TBA (22W165)

Inflammatory Bowel Disease In The Elderly, A Population-based Survey Of Elderly patient Demographics, Disease-Related Complications And Compliance With Vaccination And Screening Services


S. Elwood, T. Lukose, C. Lardner, S. Patchett, K. Boland, N. Mc Gettigan


Department of Gastroenterology, Beaumont Hospital, Dublin, Ireland


IBD in the elderly (>60yrs) is on the rise in concordance with the ageing population and rising incidence of IBD. More patients are presenting de novo with IBD in later years in addition to those with known IBD transitioning to being elderly. The presentation, disease course, risk of complications and choice of therapies differ from younger populations.


To examine patient demographics and the incidence of adverse effects/complications amongst elderly IBD patients. To identify screening and appropriate vaccination rates amongst elderly IBD patients


IBD patients >60yrs attending OPD or acutely admitted were invited to complete an anonymous written survey.


Provisional data available for 22 patients. 64%(n=14) had a diagnosis of UC. Elderly onset (>60yrs) IBD was diagnosed in 32% (n=7). 55% were female (n=12). Mean BMI was 26.2 (95%CI:24.2,28.3). Biologic treatment was prescribed in 50% (n=11), anti-TNF therapy was the most commonly prescribed (n=6). Infections requiring treatment were reported by 27%(n=5), of whom 50% reported at ≥2 comorbidities. COVID-19 affected 46%(n=10), none required hospitalization. 68% reported a smoking history (n=15), 25% currently smoke. 18% reported prior malignancy; skin cancer being most common. 75% of cancer sufferers were smokers. All patients who required IBD surgery (n=4) had a high BMI. Bowel screening participation was 50%(n=11), all patients had minimum 2 COVID-19 vaccines, 68%(n=15) received flu vaccine, 64%(n=14) had the pneumococcal vaccine.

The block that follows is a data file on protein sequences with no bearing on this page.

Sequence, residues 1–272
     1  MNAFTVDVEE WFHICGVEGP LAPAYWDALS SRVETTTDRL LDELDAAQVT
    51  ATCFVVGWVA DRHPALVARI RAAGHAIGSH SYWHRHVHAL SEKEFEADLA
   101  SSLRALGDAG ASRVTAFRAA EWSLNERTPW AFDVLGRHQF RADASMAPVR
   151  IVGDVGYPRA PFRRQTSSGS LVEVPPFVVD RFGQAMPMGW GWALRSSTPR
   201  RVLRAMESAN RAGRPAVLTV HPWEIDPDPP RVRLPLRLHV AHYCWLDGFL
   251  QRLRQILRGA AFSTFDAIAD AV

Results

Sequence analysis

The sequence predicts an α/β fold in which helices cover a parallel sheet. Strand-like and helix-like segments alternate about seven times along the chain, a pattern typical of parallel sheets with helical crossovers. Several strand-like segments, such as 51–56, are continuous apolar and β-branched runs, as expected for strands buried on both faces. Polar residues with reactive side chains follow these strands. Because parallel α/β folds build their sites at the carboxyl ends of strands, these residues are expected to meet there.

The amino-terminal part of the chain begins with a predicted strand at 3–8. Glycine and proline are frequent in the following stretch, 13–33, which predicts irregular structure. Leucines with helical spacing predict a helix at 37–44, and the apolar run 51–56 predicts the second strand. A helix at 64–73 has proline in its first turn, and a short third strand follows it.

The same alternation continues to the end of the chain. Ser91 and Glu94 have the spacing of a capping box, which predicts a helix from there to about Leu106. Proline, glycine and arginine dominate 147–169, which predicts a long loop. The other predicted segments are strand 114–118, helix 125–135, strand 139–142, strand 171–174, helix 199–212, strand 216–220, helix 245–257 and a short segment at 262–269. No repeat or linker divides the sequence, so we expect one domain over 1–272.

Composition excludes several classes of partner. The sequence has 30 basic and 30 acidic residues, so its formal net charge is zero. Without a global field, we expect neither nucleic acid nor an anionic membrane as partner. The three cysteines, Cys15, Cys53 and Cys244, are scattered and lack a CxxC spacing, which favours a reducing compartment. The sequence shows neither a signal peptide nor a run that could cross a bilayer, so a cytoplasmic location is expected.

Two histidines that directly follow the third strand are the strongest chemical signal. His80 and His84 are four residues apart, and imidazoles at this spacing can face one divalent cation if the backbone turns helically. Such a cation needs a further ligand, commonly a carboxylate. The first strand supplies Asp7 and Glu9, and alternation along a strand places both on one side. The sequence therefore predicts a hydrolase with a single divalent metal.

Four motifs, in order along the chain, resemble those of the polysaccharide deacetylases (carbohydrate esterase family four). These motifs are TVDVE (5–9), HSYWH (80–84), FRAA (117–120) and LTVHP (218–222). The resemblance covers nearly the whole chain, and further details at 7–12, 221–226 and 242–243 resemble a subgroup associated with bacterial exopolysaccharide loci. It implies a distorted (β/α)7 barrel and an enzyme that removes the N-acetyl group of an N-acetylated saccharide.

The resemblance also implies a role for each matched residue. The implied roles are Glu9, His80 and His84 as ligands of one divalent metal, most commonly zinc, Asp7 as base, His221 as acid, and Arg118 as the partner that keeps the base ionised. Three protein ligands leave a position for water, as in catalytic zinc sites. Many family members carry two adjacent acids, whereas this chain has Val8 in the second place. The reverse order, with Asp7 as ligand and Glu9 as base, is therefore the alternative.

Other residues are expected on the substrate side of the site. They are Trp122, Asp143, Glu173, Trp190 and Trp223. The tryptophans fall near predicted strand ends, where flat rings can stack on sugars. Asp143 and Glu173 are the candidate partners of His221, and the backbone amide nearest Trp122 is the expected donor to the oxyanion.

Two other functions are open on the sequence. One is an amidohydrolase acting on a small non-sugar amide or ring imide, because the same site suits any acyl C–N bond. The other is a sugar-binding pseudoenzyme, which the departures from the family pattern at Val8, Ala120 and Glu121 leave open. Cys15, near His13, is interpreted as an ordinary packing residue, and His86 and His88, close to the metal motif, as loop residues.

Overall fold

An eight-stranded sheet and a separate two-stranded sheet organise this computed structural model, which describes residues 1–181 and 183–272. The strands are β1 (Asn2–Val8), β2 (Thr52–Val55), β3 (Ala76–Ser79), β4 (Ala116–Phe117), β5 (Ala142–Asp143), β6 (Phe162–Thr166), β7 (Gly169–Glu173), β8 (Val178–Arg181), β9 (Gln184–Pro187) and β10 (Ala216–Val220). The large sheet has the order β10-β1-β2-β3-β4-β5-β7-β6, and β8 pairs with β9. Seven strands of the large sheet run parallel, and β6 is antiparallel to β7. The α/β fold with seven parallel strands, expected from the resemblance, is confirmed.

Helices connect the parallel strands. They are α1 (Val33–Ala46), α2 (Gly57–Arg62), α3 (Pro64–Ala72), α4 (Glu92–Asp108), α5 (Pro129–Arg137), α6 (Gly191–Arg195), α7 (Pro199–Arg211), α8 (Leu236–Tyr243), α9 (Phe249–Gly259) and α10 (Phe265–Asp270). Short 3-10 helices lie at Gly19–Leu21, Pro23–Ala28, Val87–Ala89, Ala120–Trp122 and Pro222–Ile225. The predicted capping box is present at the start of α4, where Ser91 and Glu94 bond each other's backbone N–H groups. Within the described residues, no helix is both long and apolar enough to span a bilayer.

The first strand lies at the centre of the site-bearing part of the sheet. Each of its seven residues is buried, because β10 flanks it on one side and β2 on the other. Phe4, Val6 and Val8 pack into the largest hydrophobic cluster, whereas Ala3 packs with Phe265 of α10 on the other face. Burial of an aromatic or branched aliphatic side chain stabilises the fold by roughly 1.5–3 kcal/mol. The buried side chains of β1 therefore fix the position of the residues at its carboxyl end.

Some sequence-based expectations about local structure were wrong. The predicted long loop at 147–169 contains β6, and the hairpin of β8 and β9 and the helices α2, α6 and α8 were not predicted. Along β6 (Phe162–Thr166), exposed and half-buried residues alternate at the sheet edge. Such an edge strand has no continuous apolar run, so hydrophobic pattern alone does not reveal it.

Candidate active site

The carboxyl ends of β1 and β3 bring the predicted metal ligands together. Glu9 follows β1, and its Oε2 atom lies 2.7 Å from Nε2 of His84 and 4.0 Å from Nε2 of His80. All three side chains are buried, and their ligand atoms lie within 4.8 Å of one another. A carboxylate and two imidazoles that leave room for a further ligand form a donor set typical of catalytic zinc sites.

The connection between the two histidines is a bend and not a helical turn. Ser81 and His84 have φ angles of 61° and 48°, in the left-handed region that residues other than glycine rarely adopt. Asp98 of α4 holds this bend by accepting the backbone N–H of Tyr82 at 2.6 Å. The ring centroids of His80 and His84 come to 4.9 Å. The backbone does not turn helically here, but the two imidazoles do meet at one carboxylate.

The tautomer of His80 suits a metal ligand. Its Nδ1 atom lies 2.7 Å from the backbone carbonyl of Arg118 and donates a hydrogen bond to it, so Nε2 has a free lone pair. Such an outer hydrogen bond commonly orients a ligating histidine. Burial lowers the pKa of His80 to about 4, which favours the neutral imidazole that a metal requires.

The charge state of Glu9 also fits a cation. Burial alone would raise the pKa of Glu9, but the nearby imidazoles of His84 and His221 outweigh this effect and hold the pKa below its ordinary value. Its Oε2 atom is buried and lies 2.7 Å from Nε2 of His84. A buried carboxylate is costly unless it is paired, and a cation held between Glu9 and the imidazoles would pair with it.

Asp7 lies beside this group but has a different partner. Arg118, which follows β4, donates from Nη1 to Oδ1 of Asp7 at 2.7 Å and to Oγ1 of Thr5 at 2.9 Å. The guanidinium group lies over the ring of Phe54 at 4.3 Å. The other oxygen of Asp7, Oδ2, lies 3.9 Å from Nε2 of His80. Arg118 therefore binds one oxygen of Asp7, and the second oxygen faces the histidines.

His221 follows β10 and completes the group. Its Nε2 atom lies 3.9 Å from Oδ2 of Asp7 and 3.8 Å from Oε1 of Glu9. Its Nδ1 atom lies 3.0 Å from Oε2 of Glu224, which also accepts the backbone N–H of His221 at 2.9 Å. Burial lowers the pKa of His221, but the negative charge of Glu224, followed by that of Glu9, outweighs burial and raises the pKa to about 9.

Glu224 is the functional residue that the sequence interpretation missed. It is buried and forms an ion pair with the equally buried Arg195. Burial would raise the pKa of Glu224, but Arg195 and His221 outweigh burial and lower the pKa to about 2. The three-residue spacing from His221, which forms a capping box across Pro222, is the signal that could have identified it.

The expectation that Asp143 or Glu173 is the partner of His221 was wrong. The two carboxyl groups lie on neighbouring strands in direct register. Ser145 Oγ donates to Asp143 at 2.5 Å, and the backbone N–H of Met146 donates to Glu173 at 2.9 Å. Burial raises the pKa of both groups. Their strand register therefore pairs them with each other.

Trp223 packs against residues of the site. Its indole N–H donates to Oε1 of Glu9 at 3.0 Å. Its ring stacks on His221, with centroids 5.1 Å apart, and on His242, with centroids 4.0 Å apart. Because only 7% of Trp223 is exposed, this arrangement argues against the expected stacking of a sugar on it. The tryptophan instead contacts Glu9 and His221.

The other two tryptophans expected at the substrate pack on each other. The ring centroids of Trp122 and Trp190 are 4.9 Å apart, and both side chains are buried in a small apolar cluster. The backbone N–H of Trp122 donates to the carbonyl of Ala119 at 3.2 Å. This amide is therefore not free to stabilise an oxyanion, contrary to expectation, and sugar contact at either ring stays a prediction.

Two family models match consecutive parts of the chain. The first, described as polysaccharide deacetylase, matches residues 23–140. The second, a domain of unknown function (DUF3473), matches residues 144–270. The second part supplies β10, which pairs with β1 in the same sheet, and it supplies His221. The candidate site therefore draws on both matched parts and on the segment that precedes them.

Smoking, high BMI and multiple comorbidities were common in elderly IBD patients. Anti-TNF therapy was the most common class of biologic. Severe infections were uncommon with suboptimal vaccination/screening uptake.

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